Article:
Even after online research, consumers want to learn firsthand about a vehicle and take it for a test drive before making a decision, regardless of the brand. What’s this mean for dealerships? It means going back to and sticking to the basics.
Followup. It’s an essential part of the sales process that often is overlooked. By following a few guidelines and creating personalized emails that extend your relationships, you will convey your enthusiasm, professionalism and sincerity in your communication — and, of course, close more business.
Salespeople need to know the product. They must embrace this and focus on creating an exceptional experience for the customer, letting them try out the product, and helping them buy.
A manager’s job is to work with each person to determine what success means so they can contribute to the performance of the organization.
Working at the speed of change is not an option. Unless you and your business can adapt, you may be left behind.
Accountability, communication, comprehension and consistency, when taken to heart and applied by dealership management, truly are the four most important words in achieving excellence.
Even with a plan in place, the process of improving doesn’t happen automatically. When managers build a finely tuned team through goal setting, training, educating and coaching, they will put the business on the road to success.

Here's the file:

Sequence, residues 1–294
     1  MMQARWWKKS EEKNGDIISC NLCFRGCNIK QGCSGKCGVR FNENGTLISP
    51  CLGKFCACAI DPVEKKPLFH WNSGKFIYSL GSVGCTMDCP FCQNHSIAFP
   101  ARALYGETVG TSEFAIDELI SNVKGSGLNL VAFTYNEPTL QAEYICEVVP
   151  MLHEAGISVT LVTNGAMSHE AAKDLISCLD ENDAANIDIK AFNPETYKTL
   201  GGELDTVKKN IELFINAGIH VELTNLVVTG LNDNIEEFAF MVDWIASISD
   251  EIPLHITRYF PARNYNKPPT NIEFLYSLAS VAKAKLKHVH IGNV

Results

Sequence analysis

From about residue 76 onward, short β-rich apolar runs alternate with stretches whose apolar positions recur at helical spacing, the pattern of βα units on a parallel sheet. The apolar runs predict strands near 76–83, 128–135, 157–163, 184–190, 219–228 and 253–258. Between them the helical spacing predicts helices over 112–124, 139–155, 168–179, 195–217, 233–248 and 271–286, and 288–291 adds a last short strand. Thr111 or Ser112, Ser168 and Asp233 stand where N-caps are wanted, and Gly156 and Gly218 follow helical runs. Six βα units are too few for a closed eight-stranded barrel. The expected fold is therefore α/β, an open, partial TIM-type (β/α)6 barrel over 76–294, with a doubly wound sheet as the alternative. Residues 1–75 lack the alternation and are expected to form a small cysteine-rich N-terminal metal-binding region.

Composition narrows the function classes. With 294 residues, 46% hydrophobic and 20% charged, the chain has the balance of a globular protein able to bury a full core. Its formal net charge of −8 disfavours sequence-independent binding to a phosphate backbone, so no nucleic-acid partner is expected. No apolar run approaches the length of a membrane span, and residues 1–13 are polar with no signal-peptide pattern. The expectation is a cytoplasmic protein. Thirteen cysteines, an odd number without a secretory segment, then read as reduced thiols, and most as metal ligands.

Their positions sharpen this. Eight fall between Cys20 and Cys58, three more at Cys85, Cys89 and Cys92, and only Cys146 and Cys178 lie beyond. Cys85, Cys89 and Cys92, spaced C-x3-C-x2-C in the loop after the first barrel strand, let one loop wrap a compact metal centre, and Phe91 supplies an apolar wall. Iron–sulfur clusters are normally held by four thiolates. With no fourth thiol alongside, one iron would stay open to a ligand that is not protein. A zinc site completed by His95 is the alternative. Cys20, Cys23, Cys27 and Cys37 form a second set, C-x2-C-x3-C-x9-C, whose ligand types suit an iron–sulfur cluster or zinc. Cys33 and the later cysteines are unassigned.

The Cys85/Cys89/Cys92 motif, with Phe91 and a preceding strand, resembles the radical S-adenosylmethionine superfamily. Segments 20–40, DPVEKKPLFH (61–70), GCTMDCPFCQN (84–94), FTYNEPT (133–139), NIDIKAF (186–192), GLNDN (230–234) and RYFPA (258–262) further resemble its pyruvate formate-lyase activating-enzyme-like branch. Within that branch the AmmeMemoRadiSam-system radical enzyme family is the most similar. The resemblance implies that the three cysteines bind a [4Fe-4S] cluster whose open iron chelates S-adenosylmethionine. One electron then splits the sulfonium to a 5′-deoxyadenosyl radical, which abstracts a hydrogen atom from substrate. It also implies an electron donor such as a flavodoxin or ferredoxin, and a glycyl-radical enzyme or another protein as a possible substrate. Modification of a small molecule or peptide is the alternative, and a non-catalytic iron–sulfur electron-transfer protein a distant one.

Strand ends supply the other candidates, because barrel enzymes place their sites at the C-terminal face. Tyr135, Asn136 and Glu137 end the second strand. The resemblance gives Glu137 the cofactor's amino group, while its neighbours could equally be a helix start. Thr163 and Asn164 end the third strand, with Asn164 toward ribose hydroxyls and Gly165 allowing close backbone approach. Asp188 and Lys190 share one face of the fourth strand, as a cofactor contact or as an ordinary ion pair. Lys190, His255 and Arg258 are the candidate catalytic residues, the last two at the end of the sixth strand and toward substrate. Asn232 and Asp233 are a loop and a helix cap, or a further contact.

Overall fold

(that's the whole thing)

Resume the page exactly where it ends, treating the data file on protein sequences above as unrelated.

People return to purchase or purchase again because salespeople took the time to build a relationship, which includes selling the customer on the dealership.
Salespeople will only become obsolete if they refuse to adapt and interact with customers the way that they expect.
Each day, new tricks, techniques and magic formulas seem to crop up, all designed to make selling easy. Let’s face it: These are mostly gimmicks. There is no “silver bullet.” But there are three essential basics that must happen in order to sell anything.
Building a relationship built on trust and confidence makes buying from you easier from every prospect you cultivate.
In our experience, the management at those companies follows most of these practices. And, while there is no “silver bullet” or guarantee, we’ve seen these companies succeed in the hardest of times.